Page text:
– Tell to everybody (for something global, like low batery, or running on UPS)

    – THINK! Throw 10 scenarios at any solution you can find. Ask "what if." Find someone in your team who is good at playing "devil’s advocate." For instance I can see problems with all my sugestions above :-)

  8. Ben Cooke says:

    If your application is launched by a user, it will automatically appear in the correct session with no extra effort from you. In fact, you are usually prevented from interacting with any other window stations. (I can’t really remember how window stations relate to sessions, but I believe that each session can have more than one window station.)

    The "Scheduled Tasks" feature in Windows tends to be a bit funny with how it selects a desktop to recieve its UI. When I log into one of our servers at work using Terminal Services every ten minutes a console window appears representing a scheduled task configured to run as me and then vanishes a few seconds later after stealing my keyboard focus. If I have two sessions open at once, it seems to be pretty random which one recieves the UI.

    Strangely enough, when I tried to make this task run as a user that doesn’t log in (it’s a reserved account that we use for non-human agents on the network) the task didn’t run at all, even though it was configured to run when the user is not logged in. I never did figure out why.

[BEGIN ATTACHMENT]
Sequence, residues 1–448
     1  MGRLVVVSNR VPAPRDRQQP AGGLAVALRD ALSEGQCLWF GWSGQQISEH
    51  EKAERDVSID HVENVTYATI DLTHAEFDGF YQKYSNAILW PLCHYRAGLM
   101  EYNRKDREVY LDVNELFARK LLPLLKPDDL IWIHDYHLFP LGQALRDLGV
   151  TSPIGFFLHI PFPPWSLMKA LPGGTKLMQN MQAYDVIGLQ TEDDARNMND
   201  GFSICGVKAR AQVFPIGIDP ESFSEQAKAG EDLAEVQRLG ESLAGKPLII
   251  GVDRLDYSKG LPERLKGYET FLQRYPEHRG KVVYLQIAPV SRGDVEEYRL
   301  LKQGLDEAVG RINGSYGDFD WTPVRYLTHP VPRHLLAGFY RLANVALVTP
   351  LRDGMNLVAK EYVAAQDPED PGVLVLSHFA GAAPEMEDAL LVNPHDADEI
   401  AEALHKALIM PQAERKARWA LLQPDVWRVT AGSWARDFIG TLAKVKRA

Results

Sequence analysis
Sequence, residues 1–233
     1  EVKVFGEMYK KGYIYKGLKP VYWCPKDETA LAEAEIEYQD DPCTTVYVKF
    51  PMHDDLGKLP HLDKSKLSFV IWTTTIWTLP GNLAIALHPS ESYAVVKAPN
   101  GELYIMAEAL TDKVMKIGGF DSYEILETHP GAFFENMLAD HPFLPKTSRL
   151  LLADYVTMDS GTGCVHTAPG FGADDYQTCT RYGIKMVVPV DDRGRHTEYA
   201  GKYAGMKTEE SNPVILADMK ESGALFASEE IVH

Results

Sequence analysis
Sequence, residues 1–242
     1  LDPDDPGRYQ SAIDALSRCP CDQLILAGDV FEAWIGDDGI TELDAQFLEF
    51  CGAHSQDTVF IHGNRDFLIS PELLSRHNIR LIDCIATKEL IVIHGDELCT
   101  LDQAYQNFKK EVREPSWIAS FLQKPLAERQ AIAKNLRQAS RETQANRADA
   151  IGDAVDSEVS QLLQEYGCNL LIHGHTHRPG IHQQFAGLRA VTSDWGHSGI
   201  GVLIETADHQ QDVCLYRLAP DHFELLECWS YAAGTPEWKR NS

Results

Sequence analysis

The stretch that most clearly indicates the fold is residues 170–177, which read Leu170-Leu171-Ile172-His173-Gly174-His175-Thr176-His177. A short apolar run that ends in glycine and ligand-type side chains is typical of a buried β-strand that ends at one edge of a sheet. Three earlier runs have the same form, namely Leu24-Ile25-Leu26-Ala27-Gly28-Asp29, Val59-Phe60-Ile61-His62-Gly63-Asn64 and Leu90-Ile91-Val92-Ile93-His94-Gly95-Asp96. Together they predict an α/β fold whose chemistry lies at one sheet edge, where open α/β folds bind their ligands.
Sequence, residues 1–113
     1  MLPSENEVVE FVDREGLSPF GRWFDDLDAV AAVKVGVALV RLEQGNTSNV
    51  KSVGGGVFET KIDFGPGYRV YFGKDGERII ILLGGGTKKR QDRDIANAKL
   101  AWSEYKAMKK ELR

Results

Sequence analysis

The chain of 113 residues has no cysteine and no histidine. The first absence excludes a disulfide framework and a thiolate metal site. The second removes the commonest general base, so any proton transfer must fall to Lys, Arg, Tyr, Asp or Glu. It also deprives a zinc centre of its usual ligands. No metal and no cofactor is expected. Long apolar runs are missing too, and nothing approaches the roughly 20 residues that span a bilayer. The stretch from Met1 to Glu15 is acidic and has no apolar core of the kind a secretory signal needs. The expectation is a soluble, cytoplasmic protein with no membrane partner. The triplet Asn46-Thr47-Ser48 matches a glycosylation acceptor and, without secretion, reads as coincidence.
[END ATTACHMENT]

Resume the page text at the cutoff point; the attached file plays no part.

9. The Currently Logged-In User says:

    Raymond, you’re a smart guy, but sometimes I’m surprised that you haven’t been beaten up by a co-worker going postal at your way of answering questions…

    So, what is the recommended practice when your application, which runs as a service, (or any other situation when it could find itself with multiple or no user desktops/sessions/logins/whatever) needs operator input to proceed?

    You guys at Microsoft must have encountered this problem a million times and solved it about an equal number of times. What does the SOP tell you to do?

    (Please display the answer on the blog.)

    [The question is still under-specific. Which operator do you want to show the message to? Once you know which user you want, then we can start helping you contact that user. -Raymond]
  10. rsclient says: